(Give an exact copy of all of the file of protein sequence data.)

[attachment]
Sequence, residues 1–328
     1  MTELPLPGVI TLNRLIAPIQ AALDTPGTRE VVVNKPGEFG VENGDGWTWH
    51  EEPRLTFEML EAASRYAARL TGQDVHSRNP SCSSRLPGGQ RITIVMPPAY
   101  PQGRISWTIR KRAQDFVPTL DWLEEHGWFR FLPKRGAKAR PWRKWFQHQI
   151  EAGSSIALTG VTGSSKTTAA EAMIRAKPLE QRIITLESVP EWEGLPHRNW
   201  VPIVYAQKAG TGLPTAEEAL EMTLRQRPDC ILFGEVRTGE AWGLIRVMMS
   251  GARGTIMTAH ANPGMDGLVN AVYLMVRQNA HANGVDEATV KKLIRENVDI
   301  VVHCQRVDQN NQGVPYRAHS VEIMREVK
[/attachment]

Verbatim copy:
Sequence, residues 1–328
     1  MTELPLPGVI TLNRLIAPIQ AALDTPGTRE VVVNKPGEFG VENGDGWTWH
    51  EEPRLTFEML EAASRYAARL TGQDVHSRNP SCSSRLPGGQ RITIVMPPAY
   101  PQGRISWTIR KRAQDFVPTL DWLEEHGWFR FLPKRGAKAR PWRKWFQHQI
   151  EAGSSIALTG VTGSSKTTAA EAMIRAKPLE QRIITLESVP EWEGLPHRNW
   201  VPIVYAQKAG TGLPTAEEAL EMTLRQRPDC ILFGEVRTGE AWGLIRVMMS
   251  GARGTIMTAH ANPGMDGLVN AVYLMVRQNA HANGVDEATV KKLIRENVDI
   301  VVHCQRVDQN NQGVPYRAHS VEIMREVK